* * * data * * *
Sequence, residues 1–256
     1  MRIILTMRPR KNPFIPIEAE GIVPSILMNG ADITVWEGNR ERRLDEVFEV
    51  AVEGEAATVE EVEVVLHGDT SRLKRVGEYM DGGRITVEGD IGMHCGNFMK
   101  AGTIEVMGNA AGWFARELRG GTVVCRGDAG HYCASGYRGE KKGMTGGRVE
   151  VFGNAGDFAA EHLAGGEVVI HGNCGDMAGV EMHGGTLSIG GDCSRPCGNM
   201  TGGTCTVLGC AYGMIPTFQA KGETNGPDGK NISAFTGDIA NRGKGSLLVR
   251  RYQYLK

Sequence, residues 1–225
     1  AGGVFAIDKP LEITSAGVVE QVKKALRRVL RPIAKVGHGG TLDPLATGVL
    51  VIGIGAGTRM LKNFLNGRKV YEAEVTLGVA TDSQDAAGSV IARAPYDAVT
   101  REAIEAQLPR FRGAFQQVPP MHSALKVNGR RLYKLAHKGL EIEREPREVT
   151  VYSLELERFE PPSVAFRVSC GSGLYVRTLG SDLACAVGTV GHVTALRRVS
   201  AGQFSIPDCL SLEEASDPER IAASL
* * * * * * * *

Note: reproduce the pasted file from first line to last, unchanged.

Sequence, residues 1–256
     1  MRIILTMRPR KNPFIPIEAE GIVPSILMNG ADITVWEGNR ERRLDEVFEV
    51  AVEGEAATVE EVEVVLHGDT SRLKRVGEYM DGGRITVEGD IGMHCGNFMK
   101  AGTIEVMGNA AGWFARELRG GTVVCRGDAG HYCASGYRGE KKGMTGGRVE
   151  VFGNAGDFAA EHLAGGEVVI HGNCGDMAGV EMHGGTLSIG GDCSRPCGNM
   201  TGGTCTVLGC AYGMIPTFQA KGETNGPDGK NISAFTGDIA NRGKGSLLVR
   251  RYQYLK

Sequence, residues 1–225
     1  AGGVFAIDKP LEITSAGVVE QVKKALRRVL RPIAKVGHGG TLDPLATGVL
    51  VIGIGAGTRM LKNFLNGRKV YEAEVTLGVA TDSQDAAGSV IARAPYDAVT
   101  REAIEAQLPR FRGAFQQVPP MHSALKVNGR RLYKLAHKGL EIEREPREVT
   151  VYSLELERFE PPSVAFRVSC GSGLYVRTLG SDLACAVGTV GHVTALRRVS
   201  AGQFSIPDCL SLEEASDPER IAASL